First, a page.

Family medical leave bill moves forward

Feb 12, 2018
family leave

The New Hampshire House voted in favor of a state-run family and medical leave program last week.

The bill, HB 628, creates a program that covers roughly two-thirds of an employee’s wages after childbirth, adoption, or a serious illness in the family.

The money in HB 628

The family and medical leave insurance in HB 628 is funded by a 0.67% tax on each employee’s wages. However, employees could choose to opt out of the program.

Should employers be required to give hourly employees 14 days’ advance notice of their work schedules?

Feb 03, 2018

In 2018, lawmakers will consider SB 422, a bill that would require employers to provide hourly employees with their work schedules at least 14 days in advance of any pay period.

The bill makes an exception for “unforeseen circumstances” beyond an employer’s control, but adds that employers should notify employees of unexpected schedule changes as soon as possible.

The bill also protects employees from retaliation as a result of exercising their right to know their work schedules 14 days in advance.

Is sexual harassment a major issue in NH?

Dec 08, 2017
sexual harassment

In October the New York Times broke a story about Harvey Weinstein's history of sexual assault accusations. The story sparked a national conversation about sexual harassment. How much of an issue is sexual harassment in New Hampshire?

Should NH prohibit firing an employee because of his or her political views?

Oct 19, 2017

The First Amendment protects free speech in public places, but private employers have a lot of power to limit what their employees can or cannot say at work.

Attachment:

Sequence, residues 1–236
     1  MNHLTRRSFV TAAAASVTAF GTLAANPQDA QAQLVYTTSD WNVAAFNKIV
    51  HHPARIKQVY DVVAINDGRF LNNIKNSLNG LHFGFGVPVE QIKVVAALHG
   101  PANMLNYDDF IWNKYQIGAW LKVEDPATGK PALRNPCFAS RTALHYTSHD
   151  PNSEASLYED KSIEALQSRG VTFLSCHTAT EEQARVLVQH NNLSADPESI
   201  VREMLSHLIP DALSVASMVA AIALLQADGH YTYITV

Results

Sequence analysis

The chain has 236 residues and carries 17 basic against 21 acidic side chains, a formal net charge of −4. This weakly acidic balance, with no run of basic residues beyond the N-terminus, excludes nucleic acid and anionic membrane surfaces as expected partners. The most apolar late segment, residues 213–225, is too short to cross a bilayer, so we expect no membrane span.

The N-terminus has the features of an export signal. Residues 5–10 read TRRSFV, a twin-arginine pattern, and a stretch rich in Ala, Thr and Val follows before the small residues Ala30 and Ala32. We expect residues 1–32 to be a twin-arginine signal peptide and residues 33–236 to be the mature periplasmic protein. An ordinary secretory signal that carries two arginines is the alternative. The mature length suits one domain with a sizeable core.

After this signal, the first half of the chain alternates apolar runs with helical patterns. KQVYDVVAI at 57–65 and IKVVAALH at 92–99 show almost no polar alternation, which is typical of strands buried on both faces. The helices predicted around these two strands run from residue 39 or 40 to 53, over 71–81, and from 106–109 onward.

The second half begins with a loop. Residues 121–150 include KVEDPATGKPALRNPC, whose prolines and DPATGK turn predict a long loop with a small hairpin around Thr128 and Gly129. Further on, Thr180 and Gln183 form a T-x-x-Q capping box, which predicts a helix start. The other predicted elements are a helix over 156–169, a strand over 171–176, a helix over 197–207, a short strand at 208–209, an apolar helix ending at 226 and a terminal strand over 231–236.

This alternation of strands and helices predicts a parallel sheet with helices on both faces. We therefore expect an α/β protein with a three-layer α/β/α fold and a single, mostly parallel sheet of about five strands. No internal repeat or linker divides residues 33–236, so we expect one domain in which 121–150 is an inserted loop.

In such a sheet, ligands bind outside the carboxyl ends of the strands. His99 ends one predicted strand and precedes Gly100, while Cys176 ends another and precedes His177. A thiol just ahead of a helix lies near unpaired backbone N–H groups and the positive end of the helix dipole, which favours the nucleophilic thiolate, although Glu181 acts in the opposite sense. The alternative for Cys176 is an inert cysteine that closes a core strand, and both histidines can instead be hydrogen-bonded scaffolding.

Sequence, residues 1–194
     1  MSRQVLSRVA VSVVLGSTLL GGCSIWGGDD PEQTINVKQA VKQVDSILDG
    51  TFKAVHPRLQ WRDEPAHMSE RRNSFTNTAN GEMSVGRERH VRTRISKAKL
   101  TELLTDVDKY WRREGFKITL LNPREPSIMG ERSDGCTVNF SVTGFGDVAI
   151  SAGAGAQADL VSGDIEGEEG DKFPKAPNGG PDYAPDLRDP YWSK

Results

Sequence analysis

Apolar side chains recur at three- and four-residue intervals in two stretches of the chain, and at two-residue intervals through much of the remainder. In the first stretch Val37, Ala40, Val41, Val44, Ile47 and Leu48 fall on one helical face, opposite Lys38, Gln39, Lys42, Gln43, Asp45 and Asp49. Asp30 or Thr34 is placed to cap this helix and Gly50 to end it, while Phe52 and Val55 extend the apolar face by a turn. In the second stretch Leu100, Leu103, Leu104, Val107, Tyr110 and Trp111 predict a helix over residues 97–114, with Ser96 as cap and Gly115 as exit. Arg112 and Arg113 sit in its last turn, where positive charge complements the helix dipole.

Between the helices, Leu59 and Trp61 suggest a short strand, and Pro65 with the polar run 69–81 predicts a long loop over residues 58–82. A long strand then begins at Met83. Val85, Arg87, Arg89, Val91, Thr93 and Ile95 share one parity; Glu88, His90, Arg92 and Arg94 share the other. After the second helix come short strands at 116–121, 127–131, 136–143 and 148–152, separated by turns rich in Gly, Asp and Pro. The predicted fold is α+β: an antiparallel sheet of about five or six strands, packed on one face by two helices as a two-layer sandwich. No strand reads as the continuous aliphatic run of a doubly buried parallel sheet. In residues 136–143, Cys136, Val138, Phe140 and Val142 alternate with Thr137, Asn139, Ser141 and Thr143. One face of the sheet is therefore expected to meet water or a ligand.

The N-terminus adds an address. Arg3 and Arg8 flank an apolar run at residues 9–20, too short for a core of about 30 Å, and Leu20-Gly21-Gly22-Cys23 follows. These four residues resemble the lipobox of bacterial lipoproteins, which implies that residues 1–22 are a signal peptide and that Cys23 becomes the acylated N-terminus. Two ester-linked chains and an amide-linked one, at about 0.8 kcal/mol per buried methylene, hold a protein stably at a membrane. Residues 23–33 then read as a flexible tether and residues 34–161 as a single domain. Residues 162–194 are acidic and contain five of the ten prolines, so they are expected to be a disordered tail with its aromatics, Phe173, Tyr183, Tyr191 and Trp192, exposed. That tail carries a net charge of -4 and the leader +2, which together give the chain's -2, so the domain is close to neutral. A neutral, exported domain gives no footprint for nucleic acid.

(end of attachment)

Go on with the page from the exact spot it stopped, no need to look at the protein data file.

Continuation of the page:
Political affiliation - such as Democrat or Republican - is also not a protected class in anti-discrimination laws at the state or federal level.

To learn more about employment discrimination laws in New Hampshire, visit our issue page.

Stronger protections against reverse age discrimination?

Sep 12, 2017
age discrimination

With fewer babies being born since the 1980s and people living longer, the older generation represents a large pool of potential employees in the United States. In fact, New Hampshire, Maine and Vermont have the top three oldest populations in the country.

While lawmakers are considering many policies to meet the needs of the aging population, some question whether young employees need more protection.

Smoker Hiring Bans

May 31, 2017
smoking and smokers

Late last year, two hospitals in Pennsylvania announced they would no longer hire employees who used tobacco. The move was seen as a way to promote healthier lifestyles, reduce sick days, and lower health insurance costs.

Refusing to hire smokers is perfectly legal in the Keystone State, as Pennsylvania doesn’t consider smokers to be a protected class when it comes to hiring practices.

The landscape is different in New Hampshire, where a 1992 law forbids any employer from making not smoking a condition of getting or keeping a job.

Biweekly pay option in New Hampshire?

Mar 12, 2017

Under current New Hampshire state law, employers in the state are required to pay hourly employees each week, with payment issued no later than 8 days after the close of the work week. That could change if HB 194, which recently passed the House, is approved by the Senate. The bill would give employers the option of paying employees every two weeks instead of weekly.

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